The sales chief of Airbus, the world’s second-largest civilian aircraft maker, isn’t worried at all about competition from Canadian manufacturer Bombardier.
John Leahy is so not worried, in fact, that he dissed the Quebec-based company with a backhanded compliment, and in such an offhand way he may not have noticed he was doing it.
At the Paris Air Show this week, Leahy was asked if he was worried about Bombardier’s CSeries jet eventually becoming competition for the Airbus A320.
“No,” he said. "I don't mean to insult Montreal in any way, but the last couple of years I've not really noticed they're much of a competitive threat to us or Boeing," he said at a press conference, as reported by Reuters.
Leahy said Bombardier CEO Pierre Beaudoin had given him a tour of a CSeries jet a few days earlier.
"He's got a nice little airplane there, but no, I'm not too worried," he told reporters.
So what could make a senior exec at one of the world’s largest aircraft manufacturers brush off a competitor with such nonchalance, such offhand condescension?
Maybe it’s the fact that Bombardier failed to score a single new order for its long-awaited, long-delayed CSeries jets at the Paris Air Show this week.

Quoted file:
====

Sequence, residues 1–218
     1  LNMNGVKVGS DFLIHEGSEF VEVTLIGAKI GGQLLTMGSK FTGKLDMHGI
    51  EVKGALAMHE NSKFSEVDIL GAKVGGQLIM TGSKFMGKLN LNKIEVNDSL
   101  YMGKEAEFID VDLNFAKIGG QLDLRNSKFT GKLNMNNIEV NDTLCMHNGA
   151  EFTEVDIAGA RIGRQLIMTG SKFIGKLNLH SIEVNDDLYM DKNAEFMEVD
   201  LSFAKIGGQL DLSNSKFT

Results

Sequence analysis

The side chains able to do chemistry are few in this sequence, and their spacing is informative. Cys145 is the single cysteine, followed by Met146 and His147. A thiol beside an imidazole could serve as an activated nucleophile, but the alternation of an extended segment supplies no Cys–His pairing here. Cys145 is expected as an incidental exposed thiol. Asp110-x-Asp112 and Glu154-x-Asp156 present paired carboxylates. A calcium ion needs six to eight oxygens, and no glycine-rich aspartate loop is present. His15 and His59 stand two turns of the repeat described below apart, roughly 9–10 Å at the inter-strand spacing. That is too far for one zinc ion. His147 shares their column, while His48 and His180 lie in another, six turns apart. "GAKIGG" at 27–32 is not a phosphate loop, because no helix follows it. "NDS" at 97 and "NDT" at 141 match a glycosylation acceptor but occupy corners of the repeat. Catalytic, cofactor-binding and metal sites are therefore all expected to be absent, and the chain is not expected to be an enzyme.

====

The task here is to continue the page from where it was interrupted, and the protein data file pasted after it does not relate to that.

By comparison, Chicago-based Boeing scored contracts for 331 jets worth $50 billion. Airbus beat that total, landing orders for 421 planes, worth $57 billion.
Bombardier didn’t walk away completely empty-handed. Canadian Manufacturing reports it landed an order for five Q400 turboprop planes, from WestJet Encore. And Swiss Air Lines converted an earlier order for 10 CS100 jets to the larger CS300 model.
That’s a nice little contract there, Bombardier.
But it's not enough. Six years after launching sales of the CSeries jets, the company has recorded 243 orders, well below its goal of 300.
The seeming lack of enthusiasm for Bombardier’s new jets may help to explain why the company announced last month it’s cutting 1,750 jobs related to aircraft in Montreal, Toronto and Belfast.
The company’s net income fell 13 per cent in the first quarter of this year, to $100 million U.S.
Ontario still believes in the manufacturer, which has a large manufacturing presence in the Toronto area. Provinicial economic development minister Brad Duguid says Bombardier "will continue to be a strong global force within the aerospace sector."
Quebec isn’t so sure. Its economy minister, Jacques Daoust, said at the Paris Air Show the province was willing to bail out the CSeries jet by buying shares in the company, if the need arises.
That was a solid show of support from the company’s home government, but all in all, Bombardier probably would have preferred to get an order for its jets instead.
Check out pics of Bombardier's CSeries aircraft: